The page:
To Kill a Mockingbird: the Theme of Prejudice
The theme of prejudice in To Kill A Mockingbird is much more than just a case of black and white. The entire novel is about prejudice in it's many forms, the most prominent case of prejudice is the racism and hate between the blacks and whites. The whole town of Maycomb is based on stereotypes of it's inhabitants, that are passed down from generation to generation. Rumors run rampid and very little truth is usually in them.
"So Jem received most of his information from Miss Stephanie Crawford, a neighbor scold, she said she knew the whole thing. According to Miss Stephanie, Boo was sitting in the livingroom cutting some items from The Maycomb Tribune to paste in his scrapbook. His father entered the room. As Mr.Radley passed by, Boo drove the scissors into his parent's leg, pulled them out, wiped them on his pants, and resumed his activities." (Chapter 1, page 11)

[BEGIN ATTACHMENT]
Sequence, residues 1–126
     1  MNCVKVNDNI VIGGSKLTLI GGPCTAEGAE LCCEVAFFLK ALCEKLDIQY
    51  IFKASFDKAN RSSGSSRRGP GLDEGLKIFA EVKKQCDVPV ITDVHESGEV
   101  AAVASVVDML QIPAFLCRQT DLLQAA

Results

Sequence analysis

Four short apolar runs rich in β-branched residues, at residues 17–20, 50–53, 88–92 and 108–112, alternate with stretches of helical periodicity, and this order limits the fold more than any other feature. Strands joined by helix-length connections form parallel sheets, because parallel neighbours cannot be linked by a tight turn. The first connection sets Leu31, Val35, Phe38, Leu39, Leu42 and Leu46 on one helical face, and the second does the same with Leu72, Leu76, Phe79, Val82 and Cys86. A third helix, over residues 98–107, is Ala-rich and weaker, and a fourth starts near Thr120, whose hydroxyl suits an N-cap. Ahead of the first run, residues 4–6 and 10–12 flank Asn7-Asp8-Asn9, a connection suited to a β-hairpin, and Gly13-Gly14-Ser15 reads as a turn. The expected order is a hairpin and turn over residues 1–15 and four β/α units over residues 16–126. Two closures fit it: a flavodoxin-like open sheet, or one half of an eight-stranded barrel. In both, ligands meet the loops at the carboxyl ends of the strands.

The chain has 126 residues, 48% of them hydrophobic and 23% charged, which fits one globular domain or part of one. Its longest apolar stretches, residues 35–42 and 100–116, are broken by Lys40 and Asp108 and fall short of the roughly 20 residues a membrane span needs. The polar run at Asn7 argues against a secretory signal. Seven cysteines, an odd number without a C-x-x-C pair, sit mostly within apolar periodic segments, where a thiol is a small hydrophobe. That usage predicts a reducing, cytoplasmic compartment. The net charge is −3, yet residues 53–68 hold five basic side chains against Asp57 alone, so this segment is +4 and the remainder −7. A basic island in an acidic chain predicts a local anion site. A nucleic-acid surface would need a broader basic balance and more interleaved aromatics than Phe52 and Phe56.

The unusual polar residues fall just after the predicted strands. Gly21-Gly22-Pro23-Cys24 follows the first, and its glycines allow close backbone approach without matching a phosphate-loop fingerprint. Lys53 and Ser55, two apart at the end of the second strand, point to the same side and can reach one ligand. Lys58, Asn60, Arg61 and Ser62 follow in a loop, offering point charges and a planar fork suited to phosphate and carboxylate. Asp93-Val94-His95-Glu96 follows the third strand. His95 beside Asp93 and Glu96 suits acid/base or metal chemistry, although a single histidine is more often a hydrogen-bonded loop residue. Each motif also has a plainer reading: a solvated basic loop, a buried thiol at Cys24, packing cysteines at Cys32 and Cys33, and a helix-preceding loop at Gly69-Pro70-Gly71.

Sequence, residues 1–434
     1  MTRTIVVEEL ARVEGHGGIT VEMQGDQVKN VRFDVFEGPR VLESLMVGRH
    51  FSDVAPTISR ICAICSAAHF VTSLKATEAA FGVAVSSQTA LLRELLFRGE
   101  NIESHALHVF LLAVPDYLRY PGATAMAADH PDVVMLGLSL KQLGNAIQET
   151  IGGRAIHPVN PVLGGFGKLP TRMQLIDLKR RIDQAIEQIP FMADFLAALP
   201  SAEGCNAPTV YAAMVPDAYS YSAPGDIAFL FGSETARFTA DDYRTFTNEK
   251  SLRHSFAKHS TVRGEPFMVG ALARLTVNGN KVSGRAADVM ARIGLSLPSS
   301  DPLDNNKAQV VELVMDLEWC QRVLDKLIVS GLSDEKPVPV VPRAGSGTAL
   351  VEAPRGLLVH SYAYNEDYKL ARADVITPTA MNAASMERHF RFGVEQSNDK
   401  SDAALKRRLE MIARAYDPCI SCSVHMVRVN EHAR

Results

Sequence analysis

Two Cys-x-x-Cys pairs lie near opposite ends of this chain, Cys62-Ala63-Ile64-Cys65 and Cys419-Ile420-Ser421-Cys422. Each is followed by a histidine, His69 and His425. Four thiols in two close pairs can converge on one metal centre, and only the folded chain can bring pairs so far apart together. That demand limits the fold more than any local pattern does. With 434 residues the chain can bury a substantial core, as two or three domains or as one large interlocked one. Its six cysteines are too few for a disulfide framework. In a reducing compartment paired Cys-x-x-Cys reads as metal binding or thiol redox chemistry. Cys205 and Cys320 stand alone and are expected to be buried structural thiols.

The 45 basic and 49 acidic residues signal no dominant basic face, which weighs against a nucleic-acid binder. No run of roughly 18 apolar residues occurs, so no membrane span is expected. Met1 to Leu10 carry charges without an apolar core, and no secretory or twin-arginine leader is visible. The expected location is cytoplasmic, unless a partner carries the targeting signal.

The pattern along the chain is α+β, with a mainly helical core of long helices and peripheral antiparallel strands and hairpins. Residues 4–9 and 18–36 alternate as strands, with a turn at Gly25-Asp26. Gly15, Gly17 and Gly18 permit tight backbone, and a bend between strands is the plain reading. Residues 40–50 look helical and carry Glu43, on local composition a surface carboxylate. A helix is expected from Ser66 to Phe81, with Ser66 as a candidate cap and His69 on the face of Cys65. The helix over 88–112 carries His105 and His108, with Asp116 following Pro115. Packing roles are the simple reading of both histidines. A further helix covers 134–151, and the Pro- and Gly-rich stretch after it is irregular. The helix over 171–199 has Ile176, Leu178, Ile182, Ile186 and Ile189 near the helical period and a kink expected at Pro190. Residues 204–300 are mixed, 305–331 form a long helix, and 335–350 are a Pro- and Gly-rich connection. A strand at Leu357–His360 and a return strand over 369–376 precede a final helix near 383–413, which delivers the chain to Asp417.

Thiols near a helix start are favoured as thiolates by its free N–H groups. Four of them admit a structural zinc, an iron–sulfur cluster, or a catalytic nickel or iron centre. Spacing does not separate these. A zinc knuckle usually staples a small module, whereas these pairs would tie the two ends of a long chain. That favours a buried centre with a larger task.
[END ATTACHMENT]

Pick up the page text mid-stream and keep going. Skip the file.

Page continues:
I don't see how you can't expect to have prejudice in a small town like that, after all isolation is a major factor in why prejudice and racism arise.
"Men hate each other because they fear each other, and they fear each other because they don't know each other, and they don't know each other because they are often separated from each other. " -Martin Luther King
The stereotypes in this novel are fairly common but the fact that they are accepted and used so openly in public is what astonishes me. I think people in the community, even if they do disagree with what is being said or done, they will say or do nothing because they are afraid of going against the majority of the community and become a victim of prejudice themselves. Atticus was one of the few who actually stopped and listened to himself without being biased by the views and opinions of the rest of the town.